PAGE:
By Robert Wolf
Decorah, IA, USA
Background: In the summer of 1966, on summer break from college, I was staying with friends Ross and Tom on Canyon Road in Santa Fe. Across the street from Ross’s rental was the studio of Hal West, one of the last of the colony of older Santa Fe artists.
Hal did not think it proper to drink before five in the afternoon. Around four-thirty most days he would don a tie and jacket, stick a handkerchief in his jacket pocket, pick up his cane and off we would stroll arm-in-arm down Canyon Road, headed for La Fonda.
La Fonda is a big hotel in downtown Santa Fe, on a corner of the Plaza. Inside is a red-tiled lobby with plastered pillars, large Spanish colonial chairs and sofas spaced in groups around the pillars.
In those days La Fonda had a dark quiet bar where we would sit at a table and watch people. There was always a side table with a steaming tray of freshly peeled hot green peppers mixed with melted cheese. I would heap two plates with cheese and peppers and another with taco chips. That was our dinner.
Almost always there were people there who knew Hal and would sit and talk with us. If we did not know anyone we would play a game Hal taught me. He would say, “I’ll bet you that the next person that walks in here is a single man,” or else a woman with a husband, or whatever. And we would throw two nickels on the table and wait. Or else we would pick a table of drinkers and try to guess their occupations. Hal might say, “I’ll bet that ole boy with the red tie over there sells insurance.” We would drop our nickels on the table and I would walk over and say, “Excuse me, sir. My friend and I just placed a little bet on you. He says you sell insurance and I say you own a pharmacy.” Almost always the guy would laugh and say we had both lost. (Occasionally one of us actually did win.) Then he would tell us what he did, and if his table were next to ours it usually started a conversation and Hal would tell them he was an artist and show his portfolio of prints and drawings—if he had brought them.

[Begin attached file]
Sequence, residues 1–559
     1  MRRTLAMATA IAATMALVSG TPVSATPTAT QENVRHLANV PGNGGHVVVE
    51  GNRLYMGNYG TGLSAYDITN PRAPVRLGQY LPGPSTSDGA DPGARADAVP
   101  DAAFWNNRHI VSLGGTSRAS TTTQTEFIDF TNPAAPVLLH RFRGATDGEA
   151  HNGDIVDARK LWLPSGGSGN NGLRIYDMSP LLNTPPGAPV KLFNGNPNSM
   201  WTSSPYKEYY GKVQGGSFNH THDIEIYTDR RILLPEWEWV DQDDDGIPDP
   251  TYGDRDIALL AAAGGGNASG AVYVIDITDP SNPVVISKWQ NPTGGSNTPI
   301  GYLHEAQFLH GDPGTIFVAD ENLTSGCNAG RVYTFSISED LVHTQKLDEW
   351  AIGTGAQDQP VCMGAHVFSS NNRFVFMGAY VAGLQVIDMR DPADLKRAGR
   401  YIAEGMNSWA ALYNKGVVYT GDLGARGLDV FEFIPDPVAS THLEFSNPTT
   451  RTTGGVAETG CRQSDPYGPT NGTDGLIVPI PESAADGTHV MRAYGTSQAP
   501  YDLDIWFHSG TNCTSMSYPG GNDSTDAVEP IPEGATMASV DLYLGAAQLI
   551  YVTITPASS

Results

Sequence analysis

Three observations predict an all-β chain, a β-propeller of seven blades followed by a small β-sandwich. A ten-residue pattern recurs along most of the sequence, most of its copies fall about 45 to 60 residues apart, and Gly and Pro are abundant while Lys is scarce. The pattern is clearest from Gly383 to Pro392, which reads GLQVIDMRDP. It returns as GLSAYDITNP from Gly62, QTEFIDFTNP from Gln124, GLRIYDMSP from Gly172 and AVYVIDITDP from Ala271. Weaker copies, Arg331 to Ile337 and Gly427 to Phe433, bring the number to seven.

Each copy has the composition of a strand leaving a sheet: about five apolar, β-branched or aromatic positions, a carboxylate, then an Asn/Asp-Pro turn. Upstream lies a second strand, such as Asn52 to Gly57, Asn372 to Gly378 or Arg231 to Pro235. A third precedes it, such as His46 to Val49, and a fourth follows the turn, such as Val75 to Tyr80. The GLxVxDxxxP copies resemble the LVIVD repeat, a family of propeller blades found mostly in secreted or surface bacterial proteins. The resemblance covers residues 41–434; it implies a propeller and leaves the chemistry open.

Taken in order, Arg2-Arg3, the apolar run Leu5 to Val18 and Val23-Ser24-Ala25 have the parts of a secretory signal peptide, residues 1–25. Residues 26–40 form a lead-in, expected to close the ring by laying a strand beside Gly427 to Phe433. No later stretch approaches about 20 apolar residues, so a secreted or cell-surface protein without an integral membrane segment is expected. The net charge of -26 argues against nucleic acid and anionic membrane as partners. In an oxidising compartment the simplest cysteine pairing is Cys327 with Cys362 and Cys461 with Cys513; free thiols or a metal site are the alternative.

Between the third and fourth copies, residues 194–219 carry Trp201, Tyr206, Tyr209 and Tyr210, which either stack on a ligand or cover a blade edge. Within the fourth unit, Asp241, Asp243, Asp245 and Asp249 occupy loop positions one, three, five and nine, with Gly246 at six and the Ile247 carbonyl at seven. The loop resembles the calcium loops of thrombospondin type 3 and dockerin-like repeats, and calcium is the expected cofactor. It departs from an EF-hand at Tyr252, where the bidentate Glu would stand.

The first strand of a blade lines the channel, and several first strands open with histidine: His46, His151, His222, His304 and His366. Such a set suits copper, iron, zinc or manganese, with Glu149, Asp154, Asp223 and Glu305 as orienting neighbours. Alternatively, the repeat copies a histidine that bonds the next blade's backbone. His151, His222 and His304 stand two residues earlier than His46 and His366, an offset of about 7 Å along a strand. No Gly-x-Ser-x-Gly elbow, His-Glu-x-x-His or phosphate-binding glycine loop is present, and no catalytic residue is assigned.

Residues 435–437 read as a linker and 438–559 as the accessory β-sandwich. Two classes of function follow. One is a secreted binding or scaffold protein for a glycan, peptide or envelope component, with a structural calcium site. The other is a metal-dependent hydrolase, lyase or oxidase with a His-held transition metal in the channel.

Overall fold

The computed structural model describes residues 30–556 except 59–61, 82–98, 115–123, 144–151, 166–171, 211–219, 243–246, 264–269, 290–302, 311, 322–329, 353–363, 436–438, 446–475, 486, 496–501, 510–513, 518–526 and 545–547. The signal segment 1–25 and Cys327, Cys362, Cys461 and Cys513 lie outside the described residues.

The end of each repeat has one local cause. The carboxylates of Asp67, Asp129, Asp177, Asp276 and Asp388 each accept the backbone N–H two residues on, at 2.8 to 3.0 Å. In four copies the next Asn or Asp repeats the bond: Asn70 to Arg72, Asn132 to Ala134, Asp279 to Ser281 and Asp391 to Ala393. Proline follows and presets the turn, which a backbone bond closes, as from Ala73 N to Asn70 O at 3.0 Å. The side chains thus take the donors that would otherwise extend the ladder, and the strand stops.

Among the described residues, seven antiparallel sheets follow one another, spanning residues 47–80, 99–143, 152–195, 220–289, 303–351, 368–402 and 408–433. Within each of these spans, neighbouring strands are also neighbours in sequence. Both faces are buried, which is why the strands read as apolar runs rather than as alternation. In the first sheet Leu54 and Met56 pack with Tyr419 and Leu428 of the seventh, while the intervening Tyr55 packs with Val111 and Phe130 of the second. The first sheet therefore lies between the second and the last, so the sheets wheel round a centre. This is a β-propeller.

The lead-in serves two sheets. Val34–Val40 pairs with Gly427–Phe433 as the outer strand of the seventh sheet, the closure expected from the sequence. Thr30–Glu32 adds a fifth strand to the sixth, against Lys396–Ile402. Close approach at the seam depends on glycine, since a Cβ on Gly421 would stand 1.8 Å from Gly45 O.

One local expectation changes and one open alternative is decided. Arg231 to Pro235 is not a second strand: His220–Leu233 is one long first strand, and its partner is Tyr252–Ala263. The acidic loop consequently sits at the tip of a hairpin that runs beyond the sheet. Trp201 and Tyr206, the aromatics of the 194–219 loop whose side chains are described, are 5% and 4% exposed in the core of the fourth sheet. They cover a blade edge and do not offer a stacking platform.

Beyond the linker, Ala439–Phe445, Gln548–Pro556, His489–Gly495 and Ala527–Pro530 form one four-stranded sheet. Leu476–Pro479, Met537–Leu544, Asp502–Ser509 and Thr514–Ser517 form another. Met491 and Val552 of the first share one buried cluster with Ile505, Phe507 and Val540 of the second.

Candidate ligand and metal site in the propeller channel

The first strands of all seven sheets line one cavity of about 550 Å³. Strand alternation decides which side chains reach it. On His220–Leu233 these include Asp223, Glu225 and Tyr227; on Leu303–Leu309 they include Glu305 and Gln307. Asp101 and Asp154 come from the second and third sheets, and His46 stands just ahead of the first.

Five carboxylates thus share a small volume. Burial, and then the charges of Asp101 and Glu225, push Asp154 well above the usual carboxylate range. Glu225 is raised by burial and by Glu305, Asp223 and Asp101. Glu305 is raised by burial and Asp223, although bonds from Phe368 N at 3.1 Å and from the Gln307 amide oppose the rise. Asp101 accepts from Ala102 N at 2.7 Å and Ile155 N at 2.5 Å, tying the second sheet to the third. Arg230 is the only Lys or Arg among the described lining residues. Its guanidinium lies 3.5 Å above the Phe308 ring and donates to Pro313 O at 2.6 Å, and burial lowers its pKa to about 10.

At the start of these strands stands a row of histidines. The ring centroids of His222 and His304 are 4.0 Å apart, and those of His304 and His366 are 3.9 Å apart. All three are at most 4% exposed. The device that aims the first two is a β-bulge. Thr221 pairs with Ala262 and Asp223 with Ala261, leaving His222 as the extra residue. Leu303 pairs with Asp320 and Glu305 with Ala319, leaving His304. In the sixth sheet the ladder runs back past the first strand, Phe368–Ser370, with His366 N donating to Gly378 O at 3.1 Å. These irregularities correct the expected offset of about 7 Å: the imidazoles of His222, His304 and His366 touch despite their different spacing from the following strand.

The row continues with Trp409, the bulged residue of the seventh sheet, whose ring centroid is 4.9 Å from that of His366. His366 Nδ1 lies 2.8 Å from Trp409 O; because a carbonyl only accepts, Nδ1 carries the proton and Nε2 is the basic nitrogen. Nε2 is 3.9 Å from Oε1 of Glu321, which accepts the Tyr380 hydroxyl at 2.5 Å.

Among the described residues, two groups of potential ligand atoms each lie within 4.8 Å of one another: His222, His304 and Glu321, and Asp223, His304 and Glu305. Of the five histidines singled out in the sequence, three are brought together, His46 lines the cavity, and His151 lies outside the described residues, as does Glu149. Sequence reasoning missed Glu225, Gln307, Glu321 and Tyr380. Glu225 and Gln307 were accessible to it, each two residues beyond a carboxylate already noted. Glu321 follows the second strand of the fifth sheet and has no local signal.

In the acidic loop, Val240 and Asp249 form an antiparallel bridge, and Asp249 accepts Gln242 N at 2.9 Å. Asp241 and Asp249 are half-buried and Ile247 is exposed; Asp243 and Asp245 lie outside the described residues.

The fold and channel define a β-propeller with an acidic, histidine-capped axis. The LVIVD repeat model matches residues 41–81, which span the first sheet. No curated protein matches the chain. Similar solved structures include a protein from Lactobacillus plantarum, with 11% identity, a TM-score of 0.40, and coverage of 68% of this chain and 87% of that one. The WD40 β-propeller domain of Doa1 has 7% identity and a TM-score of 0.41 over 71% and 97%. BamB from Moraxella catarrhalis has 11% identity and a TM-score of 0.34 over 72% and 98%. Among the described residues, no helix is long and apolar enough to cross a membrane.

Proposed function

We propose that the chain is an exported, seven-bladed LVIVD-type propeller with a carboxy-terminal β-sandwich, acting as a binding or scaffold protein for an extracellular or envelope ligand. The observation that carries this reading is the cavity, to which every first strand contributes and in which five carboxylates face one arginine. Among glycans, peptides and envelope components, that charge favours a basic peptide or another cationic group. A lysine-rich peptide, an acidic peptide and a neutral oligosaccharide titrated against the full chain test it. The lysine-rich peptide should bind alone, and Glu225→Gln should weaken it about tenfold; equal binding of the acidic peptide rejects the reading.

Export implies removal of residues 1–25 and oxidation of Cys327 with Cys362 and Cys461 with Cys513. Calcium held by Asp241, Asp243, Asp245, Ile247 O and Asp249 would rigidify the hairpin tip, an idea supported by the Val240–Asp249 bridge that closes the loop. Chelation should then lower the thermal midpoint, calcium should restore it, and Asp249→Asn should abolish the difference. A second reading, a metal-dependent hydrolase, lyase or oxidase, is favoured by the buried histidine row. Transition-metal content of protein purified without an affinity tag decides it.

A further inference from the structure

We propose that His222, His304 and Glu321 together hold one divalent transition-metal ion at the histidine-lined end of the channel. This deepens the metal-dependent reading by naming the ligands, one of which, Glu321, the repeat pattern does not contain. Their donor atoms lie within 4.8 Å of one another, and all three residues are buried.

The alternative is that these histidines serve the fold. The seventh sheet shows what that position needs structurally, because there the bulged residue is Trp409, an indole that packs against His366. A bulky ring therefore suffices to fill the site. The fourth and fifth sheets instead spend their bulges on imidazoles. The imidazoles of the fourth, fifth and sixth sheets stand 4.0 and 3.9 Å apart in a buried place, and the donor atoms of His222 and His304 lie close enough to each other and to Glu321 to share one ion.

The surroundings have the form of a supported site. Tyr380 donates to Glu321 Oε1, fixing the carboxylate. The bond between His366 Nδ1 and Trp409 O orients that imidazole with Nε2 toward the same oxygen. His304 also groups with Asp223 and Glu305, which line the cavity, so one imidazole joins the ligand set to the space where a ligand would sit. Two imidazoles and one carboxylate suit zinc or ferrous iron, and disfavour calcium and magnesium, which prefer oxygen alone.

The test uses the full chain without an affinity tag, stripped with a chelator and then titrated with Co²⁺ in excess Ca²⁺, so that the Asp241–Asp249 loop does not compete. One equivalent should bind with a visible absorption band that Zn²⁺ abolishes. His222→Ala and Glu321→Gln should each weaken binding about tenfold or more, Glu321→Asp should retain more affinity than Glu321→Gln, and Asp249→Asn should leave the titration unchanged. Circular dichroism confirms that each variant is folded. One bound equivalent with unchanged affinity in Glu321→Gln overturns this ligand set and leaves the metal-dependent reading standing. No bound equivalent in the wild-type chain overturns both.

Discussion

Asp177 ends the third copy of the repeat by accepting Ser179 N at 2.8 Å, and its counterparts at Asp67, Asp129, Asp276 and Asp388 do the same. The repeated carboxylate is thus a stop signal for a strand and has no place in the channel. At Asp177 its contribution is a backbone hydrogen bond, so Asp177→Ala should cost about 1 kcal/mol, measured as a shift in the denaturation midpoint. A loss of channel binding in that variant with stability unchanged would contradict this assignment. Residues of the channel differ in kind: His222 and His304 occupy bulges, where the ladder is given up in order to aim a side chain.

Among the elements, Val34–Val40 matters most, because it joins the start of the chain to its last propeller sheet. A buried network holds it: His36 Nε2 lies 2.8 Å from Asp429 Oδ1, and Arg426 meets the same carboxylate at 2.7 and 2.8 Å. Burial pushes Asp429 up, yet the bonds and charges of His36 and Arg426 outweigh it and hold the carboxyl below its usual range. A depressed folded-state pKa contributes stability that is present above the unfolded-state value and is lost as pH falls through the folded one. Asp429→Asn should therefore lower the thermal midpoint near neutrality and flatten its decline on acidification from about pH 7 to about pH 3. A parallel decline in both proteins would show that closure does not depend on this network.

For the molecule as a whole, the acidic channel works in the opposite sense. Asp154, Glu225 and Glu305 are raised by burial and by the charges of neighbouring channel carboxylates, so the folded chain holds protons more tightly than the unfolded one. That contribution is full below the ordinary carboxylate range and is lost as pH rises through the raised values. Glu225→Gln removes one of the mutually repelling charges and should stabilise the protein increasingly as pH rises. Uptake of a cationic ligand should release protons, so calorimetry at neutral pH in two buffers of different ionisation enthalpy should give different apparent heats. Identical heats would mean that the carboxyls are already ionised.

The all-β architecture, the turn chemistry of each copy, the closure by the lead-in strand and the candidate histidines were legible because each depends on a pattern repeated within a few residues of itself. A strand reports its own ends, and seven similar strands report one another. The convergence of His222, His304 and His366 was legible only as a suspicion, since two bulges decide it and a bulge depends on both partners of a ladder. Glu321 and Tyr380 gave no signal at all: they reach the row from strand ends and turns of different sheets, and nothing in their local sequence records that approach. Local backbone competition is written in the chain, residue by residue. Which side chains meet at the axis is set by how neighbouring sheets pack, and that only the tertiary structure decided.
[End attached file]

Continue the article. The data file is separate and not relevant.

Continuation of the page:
656 Canyon Road (Formerly Claude's Bar)
The prints came from the Cowboy Calendars that Hal had produced years earlier, which featured a woodcut for each month. I have one framed cut that Hal’s son, Jerry, gave me after his father died. It depicts a cowboy in the air, legs spraddled wide as he is tossed over the front end of a pitching bronc. The prints were inexpensive and someone at the table usually bought one.
After two drinks we would walk slowly across the Plaza. The Plaza is a block square and in those days was nothing more than packed earth with cement walks running from its four corners to the obelisk at the center, which was surrounded by circular cement seating.
Sometimes we would stop to drink at the Plaza Bar, which was a meeting place for a cross-section of Santa Fe, from Mexican-Americans and Indians to artists and white-collar workers. One night years after Hal had died, I sat in the Plaza Bar listening to Mexican-Americans at a table behind me arguing loudly when I heard smashing glass and turned to see a woman holding a broken bottle in her hand, screaming at a man across the table. This was not normal behavior for the Plaza, but with such a strange mix of patrons nothing seemed unlikely.